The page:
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Se Ř M. III. The principal objections against the

Goodness of God answered.

:.: Mark X. 18. There is none good but one, that is God. 95

SE R . IV. The Goodness of God explained and


Mark X. 18.
There is none good but one, that is God.


SER M. V. The Justice of God explained and


: : Psalm lxxxix. 14. Justice and Judgment are the habitation of thy throne. :::


Se r M. VI, VII. The Divine Perfections incompre


Job xi. 7. Canst thou by searching find out God? Canft thou find out the Almighty unto Perfection ?

219, 252.

SER M. VIII. Religion distinguished from Super

ftition, and shewn to be true Wisdom.

Job xxviii. 28.
And unto Man be said, Behold the fear of the. *

Lord, that is Wisdom, and to depart from
Evil is understanding.

sunderstanding. . 282

: SE R M. IX. Religion shewn to be perfectly con- ;

fiftent with the true Interest of Mankind.


Job xxviii. 28.
And unto Man he said, Behold the fear of the

Lord, that is Wisdom, and to depart from
Evil is understanding.


The Love of God explained and


Matthew xxii. 37.
Thou shalt love the Lord thy God with all thy

Heart, and with all thy Soul, and with all
thy mind.

- 347


de Ser M. XI.
Of Trust in God, and Praying to


Pfal. Ixii. 8. · Trust in him at all Times; ye People, pour out

your Heart before him.

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(1) SERMON I. Moral Agency explain'd, and in what Sense it is to be attributed to God..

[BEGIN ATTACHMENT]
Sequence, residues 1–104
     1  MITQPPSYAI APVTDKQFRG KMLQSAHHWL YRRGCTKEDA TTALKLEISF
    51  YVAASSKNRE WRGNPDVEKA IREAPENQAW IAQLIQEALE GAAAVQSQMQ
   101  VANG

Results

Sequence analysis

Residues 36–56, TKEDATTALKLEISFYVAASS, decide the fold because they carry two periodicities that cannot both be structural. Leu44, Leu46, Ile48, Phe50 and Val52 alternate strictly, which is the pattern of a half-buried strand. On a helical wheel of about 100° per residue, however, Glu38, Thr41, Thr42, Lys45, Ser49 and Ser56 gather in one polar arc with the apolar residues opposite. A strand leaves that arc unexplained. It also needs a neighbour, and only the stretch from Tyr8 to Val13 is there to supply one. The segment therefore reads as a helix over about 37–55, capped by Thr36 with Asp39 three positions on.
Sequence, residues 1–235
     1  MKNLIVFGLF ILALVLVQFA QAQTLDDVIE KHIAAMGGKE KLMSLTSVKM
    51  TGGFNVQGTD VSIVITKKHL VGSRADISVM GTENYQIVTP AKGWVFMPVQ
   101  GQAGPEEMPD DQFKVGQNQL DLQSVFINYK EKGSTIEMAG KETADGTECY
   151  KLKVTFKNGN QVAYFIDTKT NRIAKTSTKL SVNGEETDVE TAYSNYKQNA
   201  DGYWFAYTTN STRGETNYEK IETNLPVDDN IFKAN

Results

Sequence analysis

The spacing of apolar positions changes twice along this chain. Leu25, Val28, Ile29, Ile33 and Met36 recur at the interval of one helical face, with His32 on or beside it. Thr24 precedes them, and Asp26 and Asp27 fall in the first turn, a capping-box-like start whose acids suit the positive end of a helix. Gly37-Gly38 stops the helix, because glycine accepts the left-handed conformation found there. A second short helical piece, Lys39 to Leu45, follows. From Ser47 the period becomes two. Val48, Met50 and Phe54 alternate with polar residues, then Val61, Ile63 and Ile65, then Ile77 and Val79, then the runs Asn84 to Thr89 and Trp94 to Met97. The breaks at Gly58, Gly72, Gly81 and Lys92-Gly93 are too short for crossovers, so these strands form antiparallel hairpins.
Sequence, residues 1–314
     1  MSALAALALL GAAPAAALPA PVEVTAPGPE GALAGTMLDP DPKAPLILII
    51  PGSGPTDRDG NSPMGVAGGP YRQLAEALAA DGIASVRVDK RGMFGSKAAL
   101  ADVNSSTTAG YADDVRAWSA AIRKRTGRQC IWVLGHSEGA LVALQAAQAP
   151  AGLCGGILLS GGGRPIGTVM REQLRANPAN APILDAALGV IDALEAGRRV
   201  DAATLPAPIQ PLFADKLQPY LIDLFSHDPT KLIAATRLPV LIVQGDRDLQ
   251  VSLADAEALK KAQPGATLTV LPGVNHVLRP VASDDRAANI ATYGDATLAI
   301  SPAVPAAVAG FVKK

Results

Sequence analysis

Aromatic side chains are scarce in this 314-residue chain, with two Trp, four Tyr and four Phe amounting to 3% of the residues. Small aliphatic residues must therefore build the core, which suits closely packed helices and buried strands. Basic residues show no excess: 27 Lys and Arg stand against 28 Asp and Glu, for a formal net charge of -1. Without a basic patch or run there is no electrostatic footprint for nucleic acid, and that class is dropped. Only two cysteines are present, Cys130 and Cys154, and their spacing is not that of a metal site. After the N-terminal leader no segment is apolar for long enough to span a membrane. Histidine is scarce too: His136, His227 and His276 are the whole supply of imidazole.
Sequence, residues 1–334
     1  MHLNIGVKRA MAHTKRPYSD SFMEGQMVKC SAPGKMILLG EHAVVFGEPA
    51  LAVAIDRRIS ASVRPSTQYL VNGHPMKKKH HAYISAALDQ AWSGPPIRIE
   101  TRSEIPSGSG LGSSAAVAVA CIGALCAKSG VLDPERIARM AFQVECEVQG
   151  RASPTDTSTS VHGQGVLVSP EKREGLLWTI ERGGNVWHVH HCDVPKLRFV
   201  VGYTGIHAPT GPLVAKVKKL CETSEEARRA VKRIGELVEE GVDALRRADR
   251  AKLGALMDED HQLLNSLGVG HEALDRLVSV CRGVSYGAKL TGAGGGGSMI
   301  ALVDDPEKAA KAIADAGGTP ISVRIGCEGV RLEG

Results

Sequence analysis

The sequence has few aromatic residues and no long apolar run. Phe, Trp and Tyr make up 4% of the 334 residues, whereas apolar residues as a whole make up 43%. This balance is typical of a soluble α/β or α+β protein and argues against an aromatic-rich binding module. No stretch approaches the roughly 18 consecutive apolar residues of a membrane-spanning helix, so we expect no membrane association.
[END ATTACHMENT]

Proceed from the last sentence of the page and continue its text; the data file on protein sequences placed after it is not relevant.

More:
Rev. xv. 4. Who shall not fear thee, O Lord, and glorify : thy Name? for thou only art Holy.

F all our inquiries concerning the fu- Serm. preme Being, none are more impor- I.

tant than those which relate to his moral Character ; for that is the immediate foundation of our duty to him, and our hopes from him. An intelligent Agent, posa sessed of an eternal immutable existence, al- * mighty Power, and infinite Knowledge, to! might be an object of speculation which would naturally end in distrust and horror: But perfect rectitude, equity, and goodness, are considered as practical principles, which fo determine his views, and direct the meaa ' i sures of his conduct towards other beings, as to be the object of affections, which we know are in the human mind, and of the utmost VOL. II,



SERM.consequence to its happiness ; the objects of 1. reverence, esteem, love, trust and a desire of

'imitation. This shews of how great moment, and how worthy of our attention the fubject is, which we are now entering upon, namely, the confideration of God's moral attributes. In this discourse. I will endeavour, first, to thew what clear and rational evidence we have of his moral agency in general. 2dly, In what fense, and with what limitations, it is attributed to him. 3dly, To what useful purposes it may be applied for the forming our tempers, and governing our practices.

First, to shew what clear and rational evidence we have of God's moral agency in general. Our idea of moral agency arises from an attention to what passes in our own minds. We find in ourselves conscious perception with a felf-determining power, and affections to certain objects variously exerting themfelves ; all which in fome degree, and within a limited sphere, seem to be common with us to other animals. But there is in the mind of man, which the brutal nature appears to be incapable of, a power of reflecting upon affe&tions, its own, or thofe of other agents, together with the actions proceeding from them, which are necessarily approved or disapproved, in other words, judged to be


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